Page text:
And so in spite of our denials we are still reminded of this, and may it not be that God is still around? And all of our new knowledge will not diminish his being one iota. All of our new developments can banish God neither from the microcosmic compass of the atom nor from the vast unfathomable ranges of interstellar space, living in a universe in which we are forced to measure stellar distance by light years, confronted with the illimitable expanse of the universe in which stars are five hundred million billion miles from the Earth, which heavenly bodies travel at incredible speed and in which the ages of planets are reckoned in terms of billions of years. Modern man is forced to cry out with the solace of old: “When I behold the heavens, the work of thy hands, the moon, the stars, and all that thou hast created, what is man that thou art mindful of him and the son of man that thou remembereth him?”22 And so it may well be that God is still around. So let us go out with a cultivation of the third dimension, for it can give life new meaning. It can give life new zest, and I can speak of this out of personal experience.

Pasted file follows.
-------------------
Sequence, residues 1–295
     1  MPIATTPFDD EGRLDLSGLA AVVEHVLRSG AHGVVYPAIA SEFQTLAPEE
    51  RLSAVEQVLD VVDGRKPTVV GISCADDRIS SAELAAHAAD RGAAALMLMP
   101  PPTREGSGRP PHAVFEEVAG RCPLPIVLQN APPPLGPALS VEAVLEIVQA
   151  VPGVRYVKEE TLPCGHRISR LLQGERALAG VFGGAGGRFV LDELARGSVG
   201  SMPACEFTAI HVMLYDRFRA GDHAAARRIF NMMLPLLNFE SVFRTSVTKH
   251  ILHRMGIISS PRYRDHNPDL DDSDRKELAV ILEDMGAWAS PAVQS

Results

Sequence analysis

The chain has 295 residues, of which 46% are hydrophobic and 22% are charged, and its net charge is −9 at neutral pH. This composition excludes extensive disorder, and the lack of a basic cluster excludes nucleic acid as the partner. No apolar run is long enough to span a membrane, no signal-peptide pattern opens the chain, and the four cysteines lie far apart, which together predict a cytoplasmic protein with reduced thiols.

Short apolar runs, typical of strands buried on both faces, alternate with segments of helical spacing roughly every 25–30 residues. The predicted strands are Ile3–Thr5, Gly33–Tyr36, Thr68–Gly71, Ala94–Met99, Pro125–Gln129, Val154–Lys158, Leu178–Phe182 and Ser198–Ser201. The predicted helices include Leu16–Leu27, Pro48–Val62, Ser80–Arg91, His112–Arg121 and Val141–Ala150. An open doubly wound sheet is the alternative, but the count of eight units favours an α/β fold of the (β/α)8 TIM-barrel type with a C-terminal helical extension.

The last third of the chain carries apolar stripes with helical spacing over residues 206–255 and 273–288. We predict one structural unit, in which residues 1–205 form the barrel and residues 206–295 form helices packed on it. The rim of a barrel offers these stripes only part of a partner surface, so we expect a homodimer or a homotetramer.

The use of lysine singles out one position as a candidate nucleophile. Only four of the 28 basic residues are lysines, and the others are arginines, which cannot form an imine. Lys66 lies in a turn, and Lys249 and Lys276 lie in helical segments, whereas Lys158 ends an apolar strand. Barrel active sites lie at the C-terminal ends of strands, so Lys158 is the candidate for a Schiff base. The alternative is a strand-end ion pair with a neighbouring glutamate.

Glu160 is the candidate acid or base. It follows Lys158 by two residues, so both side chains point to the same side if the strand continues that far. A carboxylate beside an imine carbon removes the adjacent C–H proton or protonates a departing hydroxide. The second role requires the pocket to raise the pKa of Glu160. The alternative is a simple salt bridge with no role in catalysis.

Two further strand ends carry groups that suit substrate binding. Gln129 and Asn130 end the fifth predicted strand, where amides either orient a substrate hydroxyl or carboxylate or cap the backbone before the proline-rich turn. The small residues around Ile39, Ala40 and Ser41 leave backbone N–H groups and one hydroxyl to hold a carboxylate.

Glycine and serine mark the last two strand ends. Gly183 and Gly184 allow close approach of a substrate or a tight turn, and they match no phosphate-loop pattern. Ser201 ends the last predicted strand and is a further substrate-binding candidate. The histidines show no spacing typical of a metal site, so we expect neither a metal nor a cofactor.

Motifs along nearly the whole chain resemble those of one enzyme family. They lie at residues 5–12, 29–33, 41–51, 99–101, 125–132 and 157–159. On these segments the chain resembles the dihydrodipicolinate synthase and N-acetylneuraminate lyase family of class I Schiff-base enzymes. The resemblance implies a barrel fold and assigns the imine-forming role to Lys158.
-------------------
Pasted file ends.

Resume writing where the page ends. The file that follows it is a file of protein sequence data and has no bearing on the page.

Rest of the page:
Over the last few years, circumstances have made it necessary for me to stand so often amid the surging [moment?] of life’s restless sea.23 Moments of frustration, the chilly winds of adversity all around, but there was always something deep down within that could keep me going, a strange feeling that you are not alone in this struggle, that the struggle for the good life is a struggle in which the individual has cosmic companionship. For so many times I have been able with my people to walk and never get weary because I am convinced that there is a great camp meeting in the promised land of God’s universe.24 Maybe St. Augustine was right: we were made for God; we will be restless until we find rest in him.25